During the last few weeks, I participated in two panels about partnering with Salesforce (here is the video of one of them, if you have 45 minutes to spare…) I got many follow up questions, so it made sense to turn it into a blog post.
Why partnering with Salesforce?
With almost $7B in annual revenue, Salesforce ecosystem is larger than the total addressable markets (TAM) of many IT markets. Salesforce customers all made a significant commitment to the cloud, and among them, you can find SMBs and large enterprises alike.
Look for the synergy
Not every company should partner with Salesforce. Sometimes you are just better off on your own. For example, while a project management system can integrate with Salesforce, the mutual outcome may not be 5X better than using both products on their own. For Talkdesk, the synergy was very clear. Salesforce is where our customers store every interaction with their customers, so a deep integration into this data and workflows made sense. As a rule of thumb, if you enhance a Salesforce dominated workflow (e.g. rank order leads using AI), you should deeply integrate to Salesforce. It doesn’t mean that your product is not great on its own, or can integrate with other products — you simply meeting your users where they already are.
It is all about the product
If you think of Salesforce as just an integration, you will not get the most out of this relationship. Think of it as new product and define new personas, including the Salesforce admin but also Salesforce AEs and SEs, that will promote your product. For example, we built a 2 minutes installation process for Talkdesk, so SEs from Salesforce can quickly show it to their customers, and Salesforce admins can easily test the product on their sandboxes.
Don’t think MVP — instead, think how deep you can go. The more integration points you build, the more attractive and sticky your product will become. For us, it was creating reports that mashup Talkdesk and Salesforce data, implement SSO and integrate user management.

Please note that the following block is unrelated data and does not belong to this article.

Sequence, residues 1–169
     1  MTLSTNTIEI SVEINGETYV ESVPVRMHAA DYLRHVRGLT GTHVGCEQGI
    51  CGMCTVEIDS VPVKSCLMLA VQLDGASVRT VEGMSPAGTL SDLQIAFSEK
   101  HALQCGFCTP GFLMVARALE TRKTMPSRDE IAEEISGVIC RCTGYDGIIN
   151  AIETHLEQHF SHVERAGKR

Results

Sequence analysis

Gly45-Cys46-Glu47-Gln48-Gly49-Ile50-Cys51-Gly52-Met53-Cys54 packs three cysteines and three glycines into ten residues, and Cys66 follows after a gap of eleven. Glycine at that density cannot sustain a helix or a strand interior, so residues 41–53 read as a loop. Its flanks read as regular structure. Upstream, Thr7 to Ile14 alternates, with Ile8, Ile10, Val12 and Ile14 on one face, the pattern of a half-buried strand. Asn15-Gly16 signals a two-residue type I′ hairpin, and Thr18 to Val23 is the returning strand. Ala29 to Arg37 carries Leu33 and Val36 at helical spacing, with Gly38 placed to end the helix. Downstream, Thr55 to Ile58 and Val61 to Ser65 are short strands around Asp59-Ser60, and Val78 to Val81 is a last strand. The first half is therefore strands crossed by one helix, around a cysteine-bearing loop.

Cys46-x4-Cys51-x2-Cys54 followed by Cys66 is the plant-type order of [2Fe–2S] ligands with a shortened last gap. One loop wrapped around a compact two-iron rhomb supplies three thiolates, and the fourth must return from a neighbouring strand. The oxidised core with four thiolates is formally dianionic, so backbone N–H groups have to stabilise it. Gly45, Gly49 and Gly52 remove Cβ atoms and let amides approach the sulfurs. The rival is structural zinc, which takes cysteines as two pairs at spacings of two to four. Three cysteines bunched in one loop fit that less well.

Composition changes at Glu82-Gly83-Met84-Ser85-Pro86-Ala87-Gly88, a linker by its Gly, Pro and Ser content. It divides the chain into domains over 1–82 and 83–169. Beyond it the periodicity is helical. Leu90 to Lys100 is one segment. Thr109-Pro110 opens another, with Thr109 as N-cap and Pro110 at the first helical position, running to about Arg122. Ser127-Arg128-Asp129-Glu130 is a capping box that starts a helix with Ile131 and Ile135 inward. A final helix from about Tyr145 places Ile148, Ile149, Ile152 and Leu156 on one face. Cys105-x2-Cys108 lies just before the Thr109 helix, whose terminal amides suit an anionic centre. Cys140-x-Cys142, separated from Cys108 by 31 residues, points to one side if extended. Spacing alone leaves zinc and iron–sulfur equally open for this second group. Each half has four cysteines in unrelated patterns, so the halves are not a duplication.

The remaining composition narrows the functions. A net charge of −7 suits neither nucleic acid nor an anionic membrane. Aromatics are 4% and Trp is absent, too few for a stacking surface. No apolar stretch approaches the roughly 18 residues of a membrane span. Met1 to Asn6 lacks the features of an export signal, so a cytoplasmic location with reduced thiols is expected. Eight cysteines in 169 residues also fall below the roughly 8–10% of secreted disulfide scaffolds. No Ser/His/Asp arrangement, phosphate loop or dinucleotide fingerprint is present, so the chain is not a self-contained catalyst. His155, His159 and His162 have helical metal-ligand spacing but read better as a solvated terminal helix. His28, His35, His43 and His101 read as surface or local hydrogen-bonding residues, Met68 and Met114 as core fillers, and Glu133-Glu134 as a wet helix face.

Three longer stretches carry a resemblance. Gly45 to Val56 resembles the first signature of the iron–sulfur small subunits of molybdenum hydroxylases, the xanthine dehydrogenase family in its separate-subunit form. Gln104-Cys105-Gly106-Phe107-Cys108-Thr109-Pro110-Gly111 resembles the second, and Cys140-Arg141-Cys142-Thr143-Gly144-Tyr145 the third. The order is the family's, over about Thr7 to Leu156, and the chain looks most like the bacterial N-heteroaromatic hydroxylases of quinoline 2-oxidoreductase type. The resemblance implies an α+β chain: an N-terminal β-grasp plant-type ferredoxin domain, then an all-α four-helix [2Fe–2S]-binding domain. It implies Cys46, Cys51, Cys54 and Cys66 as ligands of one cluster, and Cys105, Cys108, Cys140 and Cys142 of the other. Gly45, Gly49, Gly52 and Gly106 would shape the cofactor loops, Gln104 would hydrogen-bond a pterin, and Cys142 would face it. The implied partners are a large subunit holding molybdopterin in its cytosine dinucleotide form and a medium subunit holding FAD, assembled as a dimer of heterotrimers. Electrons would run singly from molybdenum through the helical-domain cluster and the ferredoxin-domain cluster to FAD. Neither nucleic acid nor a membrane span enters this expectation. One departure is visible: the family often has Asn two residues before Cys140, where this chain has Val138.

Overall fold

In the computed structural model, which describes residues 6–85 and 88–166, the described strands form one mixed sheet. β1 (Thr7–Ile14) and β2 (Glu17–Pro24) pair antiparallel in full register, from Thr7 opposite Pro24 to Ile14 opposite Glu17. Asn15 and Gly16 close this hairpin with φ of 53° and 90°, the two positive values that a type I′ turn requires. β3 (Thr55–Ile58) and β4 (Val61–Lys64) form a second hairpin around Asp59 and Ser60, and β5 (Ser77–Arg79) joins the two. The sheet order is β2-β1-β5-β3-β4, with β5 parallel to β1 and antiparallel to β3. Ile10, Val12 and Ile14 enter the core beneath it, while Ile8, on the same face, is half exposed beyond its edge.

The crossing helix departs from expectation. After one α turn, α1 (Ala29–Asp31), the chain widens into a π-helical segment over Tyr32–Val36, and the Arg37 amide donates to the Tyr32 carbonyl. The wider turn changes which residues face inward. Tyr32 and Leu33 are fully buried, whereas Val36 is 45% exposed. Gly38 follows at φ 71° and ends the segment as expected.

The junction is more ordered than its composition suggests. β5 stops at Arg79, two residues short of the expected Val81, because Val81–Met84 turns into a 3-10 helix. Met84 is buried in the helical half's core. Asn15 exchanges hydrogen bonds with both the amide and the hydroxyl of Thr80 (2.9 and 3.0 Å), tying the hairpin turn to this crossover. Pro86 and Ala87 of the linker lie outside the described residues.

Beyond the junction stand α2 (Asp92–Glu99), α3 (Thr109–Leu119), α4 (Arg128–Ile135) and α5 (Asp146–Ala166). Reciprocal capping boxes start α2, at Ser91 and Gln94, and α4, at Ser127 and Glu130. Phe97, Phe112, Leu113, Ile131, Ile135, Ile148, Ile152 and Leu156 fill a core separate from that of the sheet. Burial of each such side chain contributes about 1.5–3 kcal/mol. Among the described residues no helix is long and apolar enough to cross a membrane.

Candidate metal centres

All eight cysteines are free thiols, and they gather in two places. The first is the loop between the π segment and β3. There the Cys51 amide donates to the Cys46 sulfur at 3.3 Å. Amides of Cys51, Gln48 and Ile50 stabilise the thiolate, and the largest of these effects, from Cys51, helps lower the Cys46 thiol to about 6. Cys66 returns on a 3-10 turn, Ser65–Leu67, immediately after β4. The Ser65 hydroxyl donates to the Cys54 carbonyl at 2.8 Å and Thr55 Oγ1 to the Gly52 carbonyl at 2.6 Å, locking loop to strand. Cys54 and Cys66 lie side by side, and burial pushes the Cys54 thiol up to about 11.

Lastly, you want to make sure that you keep innovating and reacting to the new capabilities of the Salesforce platform. SEs will always look for partners that can help them demonstrate Salesforce’s latest innovation.
Launching on AppExchange is like publishing a website. It is simply not enough.
Posting your app in the AppExchange is like launching a website. Tons of work ahead of the launch, but nothing happens when it goes live. Why? Since there are 3000 other products there… To build Salesforce related pipeline, you will have to work and work hard.
You will need to show results first
I am sure you expect that Salesforce will immediately go on and promote your product. They will not. 1000s of partners got on their platform and failed, so it is prudent of Salesforce to wait and see who is becoming a star, before investing. You should also remember that a Salesforce AE has dozens of Salesforce products to sell, so they can only pay attention to few partners at a time. This means that you are almost 100% on your own in the first few months after launch. You have to build pipeline on your own, win Salesforce customers on your own and write your case studies. The fastest you grow (i.e. generate revenue for Salesforce), the fastest you will get notice. It is that simple.
It is hustle time!
With the initial traction, you have a story to tell. Congratulations: you now have to work even harder. Your target audience just expanded: rather than speaking to prospects only, you now have to market your success to Salesforce’s SEs, AEs, RVPs, CFLs and anyone else that will listen. The easiest way is to think of circles of influence: the RVP that benefited from your most recent deal will be much more likely to give you access to her team. Leverage this connection to meet an RVP that works in the adjacent territory and build your network this way.
Everyone in your company should be an ambassador
Encourage your AEs to take Salesforce AEs to drinks. Your SEs should geek out with Salesforce SEs and the product managers should share roadmaps. If you are a C-level exec, go make friends with Salesforce executives and find executive sponsors you can connect with and provide “air cover” to your team.
There are many more aspects of a successful Salesforce partnership like revenue share and how to think about it, roadmap, diversification and more. Might be a topic for another blog post….